I've always found facility pics to be one of the most interesting links on reptile websites. You can learn a lot about the breeder by their caging, equipment, and setup. Like most, our breeding facility is constantly evolving and changing. The 2 story building was originally used as a barn/workshop. I enclosed the two open carports and transformed it into a very functional 4 room facility. As with any older building, it poses challenges and is a work in progress. But It's nice to have a quality facility to occupy for now... and expand when the time comes. Lots of pics will be added to this page. For now enjoy the tour!
Front/Bush room. This is a finished room which houses younger Retics, Carpets, and Angolans. Caging consists of Bush arboreals, 4's, and 8' cages. Because all the caging is the same material/design, it helps add to uniformity. When dealing with breeding groups, it is a critical component to have them on the closest cycle as possible. At the top of the wall you can see the glass window panes. They allow sunlight into the room without compromising security. The ceiling is painted R Board. It adds to the insulation effectiveness and I think looks pretty cool. Check out the original modified mobile work station designed out of necessity!
Long view of front room.
Opposite view of room, showing stack of 4's.
We sometimes utilize the extra 8' space for a breeding trial with White Lip pythons.
Dwarf/Island Retics housed in these Bush 8's. The paper is non-ink newsprint roll.
Subadult Retics housed in these 4's as well.
Adult Angolans are housed in 4's. Shown is a pair in copulation.
Stack of 4' arboreal cages housing Carpet pythons.
Carpet setup with bamboo perch.
Ringed python setup. The shelves are Bush cage vent covers which we installed. The lower acts as a hide area, while the top shelf they use for basking. They really use em!
The split cage divider seperates them. During breeding season, we open the hole so they can travel back and forth.
Mobile workstation makes it easy to have everything within reach.
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Main room housing adult Retics in OS built 8's and 4's on the top row. The 8x3x2 cages are huge, heavy, and practically indestructable. With these larger cages, I can grow my females BIG! The lighting has been recently upgraded and is a huge improvement in visibility. Deep sink shown with Ecolab sanitation system, which is integral to any healthy collection.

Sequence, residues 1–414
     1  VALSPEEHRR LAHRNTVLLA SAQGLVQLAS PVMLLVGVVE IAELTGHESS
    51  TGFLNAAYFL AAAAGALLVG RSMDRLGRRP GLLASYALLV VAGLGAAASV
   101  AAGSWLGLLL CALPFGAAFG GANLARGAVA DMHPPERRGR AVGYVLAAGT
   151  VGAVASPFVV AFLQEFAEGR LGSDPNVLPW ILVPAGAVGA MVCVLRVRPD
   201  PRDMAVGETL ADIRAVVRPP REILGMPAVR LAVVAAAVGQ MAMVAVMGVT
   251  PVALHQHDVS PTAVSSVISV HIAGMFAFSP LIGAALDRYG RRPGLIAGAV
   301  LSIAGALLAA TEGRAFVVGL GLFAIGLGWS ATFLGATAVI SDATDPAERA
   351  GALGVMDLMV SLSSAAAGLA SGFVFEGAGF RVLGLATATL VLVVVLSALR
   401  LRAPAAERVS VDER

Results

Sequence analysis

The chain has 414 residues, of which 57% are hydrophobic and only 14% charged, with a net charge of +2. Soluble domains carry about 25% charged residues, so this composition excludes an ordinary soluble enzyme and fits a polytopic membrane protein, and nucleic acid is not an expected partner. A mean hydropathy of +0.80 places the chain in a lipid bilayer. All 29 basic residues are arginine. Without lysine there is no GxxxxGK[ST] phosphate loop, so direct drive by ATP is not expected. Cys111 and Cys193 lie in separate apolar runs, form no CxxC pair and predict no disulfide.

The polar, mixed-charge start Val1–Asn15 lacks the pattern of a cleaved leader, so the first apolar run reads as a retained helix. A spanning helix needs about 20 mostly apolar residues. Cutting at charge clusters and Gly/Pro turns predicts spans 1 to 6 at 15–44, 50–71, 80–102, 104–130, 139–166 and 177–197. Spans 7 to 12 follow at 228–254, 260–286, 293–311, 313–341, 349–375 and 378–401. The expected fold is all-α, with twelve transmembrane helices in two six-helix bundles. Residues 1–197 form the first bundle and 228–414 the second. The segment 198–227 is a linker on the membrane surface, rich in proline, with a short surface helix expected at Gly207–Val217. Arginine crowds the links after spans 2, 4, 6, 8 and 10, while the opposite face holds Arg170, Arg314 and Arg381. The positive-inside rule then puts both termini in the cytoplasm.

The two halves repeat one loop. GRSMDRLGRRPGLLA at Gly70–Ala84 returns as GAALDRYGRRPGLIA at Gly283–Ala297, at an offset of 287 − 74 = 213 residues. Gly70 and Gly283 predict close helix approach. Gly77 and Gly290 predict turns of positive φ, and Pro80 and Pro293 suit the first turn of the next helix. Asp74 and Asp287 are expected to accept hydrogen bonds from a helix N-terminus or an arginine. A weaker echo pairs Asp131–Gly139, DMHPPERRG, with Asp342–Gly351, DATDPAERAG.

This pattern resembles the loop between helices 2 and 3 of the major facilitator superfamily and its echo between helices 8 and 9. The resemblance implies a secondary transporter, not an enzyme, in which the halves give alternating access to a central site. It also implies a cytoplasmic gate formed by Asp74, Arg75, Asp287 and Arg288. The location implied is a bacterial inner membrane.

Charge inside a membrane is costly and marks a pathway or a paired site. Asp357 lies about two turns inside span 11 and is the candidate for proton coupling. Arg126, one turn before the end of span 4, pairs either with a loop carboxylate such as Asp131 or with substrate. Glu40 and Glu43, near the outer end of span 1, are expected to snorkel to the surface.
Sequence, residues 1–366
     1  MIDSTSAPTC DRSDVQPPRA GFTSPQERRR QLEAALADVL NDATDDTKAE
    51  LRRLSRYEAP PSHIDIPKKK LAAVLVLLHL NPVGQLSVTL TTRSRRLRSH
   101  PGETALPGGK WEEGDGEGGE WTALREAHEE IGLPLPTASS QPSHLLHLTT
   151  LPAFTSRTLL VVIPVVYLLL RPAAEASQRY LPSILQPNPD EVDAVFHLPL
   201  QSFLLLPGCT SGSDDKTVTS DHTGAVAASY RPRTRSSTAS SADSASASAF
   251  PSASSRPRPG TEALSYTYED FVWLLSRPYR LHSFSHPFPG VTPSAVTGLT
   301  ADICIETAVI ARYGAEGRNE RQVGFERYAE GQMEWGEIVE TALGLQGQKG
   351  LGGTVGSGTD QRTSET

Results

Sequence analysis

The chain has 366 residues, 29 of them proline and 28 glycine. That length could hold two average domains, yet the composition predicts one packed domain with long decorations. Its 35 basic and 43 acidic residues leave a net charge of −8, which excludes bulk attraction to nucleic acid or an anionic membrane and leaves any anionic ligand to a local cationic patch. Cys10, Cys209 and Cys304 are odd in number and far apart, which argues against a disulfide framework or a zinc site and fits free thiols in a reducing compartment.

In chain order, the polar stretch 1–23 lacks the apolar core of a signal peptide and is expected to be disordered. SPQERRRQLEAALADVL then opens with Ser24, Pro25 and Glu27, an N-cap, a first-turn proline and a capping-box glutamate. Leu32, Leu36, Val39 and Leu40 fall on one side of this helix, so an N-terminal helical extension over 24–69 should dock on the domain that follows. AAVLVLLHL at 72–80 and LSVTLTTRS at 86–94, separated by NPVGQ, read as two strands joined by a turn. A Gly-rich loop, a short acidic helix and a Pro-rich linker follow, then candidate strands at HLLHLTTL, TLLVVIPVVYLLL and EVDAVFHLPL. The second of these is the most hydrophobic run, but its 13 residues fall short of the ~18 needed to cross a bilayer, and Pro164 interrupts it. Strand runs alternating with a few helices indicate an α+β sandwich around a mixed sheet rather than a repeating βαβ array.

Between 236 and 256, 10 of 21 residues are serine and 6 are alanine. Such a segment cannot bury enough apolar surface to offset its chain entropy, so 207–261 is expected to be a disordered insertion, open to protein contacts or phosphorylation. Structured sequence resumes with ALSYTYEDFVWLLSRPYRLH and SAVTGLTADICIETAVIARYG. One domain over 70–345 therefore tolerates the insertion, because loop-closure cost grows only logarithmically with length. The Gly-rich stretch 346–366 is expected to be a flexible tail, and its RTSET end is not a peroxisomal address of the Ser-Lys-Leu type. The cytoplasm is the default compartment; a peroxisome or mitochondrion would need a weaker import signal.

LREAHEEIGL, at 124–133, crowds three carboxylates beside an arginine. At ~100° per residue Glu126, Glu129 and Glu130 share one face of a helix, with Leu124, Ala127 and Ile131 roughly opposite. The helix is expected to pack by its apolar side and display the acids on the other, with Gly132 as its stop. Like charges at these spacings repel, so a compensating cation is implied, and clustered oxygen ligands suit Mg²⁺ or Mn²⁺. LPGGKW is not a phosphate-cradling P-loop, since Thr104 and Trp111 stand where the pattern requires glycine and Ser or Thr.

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Back room. For now, this space includes supply storage, the incubator, baby racks, and juvenile housing. Keeping young snakes separate from adults is an important aspect of collection management. Soon we plan to remodel the upstairs room and have that space dedicated to housing only babies and younger animals. It's undecided exactly what this back room will become at that time (which is part of the fun). But I have a feeling it will involve growing Retics!
Incubator.... I found this commercial cooler that was in fine condition, but being discarded from a beverage distributer because it didn't cool properly. It was perfect for my purpose. So I did them a favor removing it and they did me a favor giving it to me. As a refrigerator system, its already insulated. So I just sealed it up, added flexwatt heat tape, a computer fan and Helix proportional thermostat. I really had a lot of fun putting it all together. Can hold 200+ Retic eggs at one time. Temperature is consistently stable throughout, and eggboxes maintain the correct humidity level. I only open the boxes when they need fresh air or to inspect. Ideally we'll have a seperate incubation room in the future. But for the past 4 years this has been a very reliable, affordable, and successful system to start out with.
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